It’s interesting to think that without a rather dramatic flaw in engineering, Pisa wouldn’t be nearly the tourist center that it is. Nevertheless, Pisa is one of those places you almost feel like you have to visit, especially when you’re only 45 minutes away in Florence. The attractions in Pisa are concentrated within a few square blocks, easy to see and definitely worth a couple of hours of time.
The Campo dei Miracoli (Square of Miracles), or Piazza del Duomo if you’re not a tourist, is an easy 30 minute walk or 7 minute bus ride from the train station. Since I had injured my ankle pretty badly a few days earlier in Rome, I opted for the bus (LAM Rossa, which is just across the street from the train station). The bus takes you right to the main attractions flanked by numerous souvenir stands. Thanks to Rick Steves, I quickly found a nearby trattoria called La Buca and grabbed a quick pizza made with fresh mozzarella di buffala. It was a little high priced for what I got, but the view of the tower from the patio and the tasty bread made it worth it.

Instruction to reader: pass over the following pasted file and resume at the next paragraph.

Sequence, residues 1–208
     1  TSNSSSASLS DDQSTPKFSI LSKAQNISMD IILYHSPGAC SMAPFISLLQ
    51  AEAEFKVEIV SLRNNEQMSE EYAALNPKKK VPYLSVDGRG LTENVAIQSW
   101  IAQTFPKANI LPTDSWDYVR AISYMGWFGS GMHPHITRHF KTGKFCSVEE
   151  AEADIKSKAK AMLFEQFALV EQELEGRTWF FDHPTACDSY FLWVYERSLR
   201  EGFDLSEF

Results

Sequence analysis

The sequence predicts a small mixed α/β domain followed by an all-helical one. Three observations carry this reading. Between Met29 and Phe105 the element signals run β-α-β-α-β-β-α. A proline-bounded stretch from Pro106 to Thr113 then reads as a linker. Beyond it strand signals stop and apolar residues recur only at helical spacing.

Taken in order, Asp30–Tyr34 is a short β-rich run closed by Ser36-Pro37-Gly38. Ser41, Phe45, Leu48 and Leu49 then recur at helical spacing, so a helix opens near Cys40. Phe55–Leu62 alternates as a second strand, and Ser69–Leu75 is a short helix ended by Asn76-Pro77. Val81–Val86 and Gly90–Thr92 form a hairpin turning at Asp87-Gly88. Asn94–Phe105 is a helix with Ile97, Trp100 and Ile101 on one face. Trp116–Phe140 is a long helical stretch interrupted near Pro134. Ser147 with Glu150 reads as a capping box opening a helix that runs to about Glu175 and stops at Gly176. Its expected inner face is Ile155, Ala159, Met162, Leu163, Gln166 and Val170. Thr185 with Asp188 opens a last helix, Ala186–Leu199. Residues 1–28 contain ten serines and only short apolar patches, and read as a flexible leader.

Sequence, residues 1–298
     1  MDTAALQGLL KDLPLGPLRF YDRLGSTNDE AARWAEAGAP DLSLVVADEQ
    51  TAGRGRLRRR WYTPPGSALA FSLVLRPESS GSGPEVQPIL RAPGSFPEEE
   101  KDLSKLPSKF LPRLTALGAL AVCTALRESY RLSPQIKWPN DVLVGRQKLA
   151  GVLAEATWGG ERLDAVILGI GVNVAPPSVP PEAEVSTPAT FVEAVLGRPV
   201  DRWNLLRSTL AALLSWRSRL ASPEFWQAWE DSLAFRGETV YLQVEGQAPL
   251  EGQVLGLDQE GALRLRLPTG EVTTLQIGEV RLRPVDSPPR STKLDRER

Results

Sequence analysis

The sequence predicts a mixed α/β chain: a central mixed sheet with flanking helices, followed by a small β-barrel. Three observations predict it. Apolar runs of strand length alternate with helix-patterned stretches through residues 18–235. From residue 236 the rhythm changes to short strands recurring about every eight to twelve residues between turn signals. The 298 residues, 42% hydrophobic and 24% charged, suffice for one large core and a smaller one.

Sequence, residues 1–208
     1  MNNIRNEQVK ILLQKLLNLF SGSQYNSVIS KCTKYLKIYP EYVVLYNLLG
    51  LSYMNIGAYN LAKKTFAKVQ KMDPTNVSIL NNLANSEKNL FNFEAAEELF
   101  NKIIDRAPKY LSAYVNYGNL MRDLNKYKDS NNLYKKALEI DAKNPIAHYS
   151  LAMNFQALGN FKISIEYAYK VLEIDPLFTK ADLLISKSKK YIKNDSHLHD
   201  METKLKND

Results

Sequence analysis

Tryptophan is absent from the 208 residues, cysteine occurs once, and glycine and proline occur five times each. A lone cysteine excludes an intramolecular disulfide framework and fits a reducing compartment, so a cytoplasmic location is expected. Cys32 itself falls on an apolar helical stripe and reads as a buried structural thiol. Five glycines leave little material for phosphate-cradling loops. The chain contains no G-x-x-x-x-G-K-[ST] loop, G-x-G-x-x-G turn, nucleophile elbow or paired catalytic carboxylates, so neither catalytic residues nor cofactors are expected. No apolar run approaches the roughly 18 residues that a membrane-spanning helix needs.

There are three sites in the piazza – the Baptistry, the Duomo and, of course, the (leaning) Belltower.
I skipped the Baptistry but did pony up a few euros to tour the Duomo, which was an excellent decision. The Duomo has a number of remarkable elements. Most guide books focus on the pulpit that was carved by Giovanni Pisano, which is considered a masterpiece of medieval sculpture. It’s quite impressive, but, for me, paled in comparison to the amazing mosaic, Christ in Majesty, above the altar. Also interesting was the tomb of the Holy Roman Emperor Henry VII. Aesthetically, it looked like most other tombs, but it was a Holy Roman Emperor, come on.
Then there’s the tower. Even with as many pictures as I’ve seen of it, it was still an interesting site in person and is arguably one of the most notable structures in Italy. Strangely, I was surprised to see that the closer I got to it, the less it appeared to lean. I wasn’t sure how the photos were going to turn out, so I took one just of the first floor to illustrate how crooked it really is. According to the information outside the tower, so much work has been done in recent years that the tower is now probably the most stable it’s been since construction started over 800 years ago.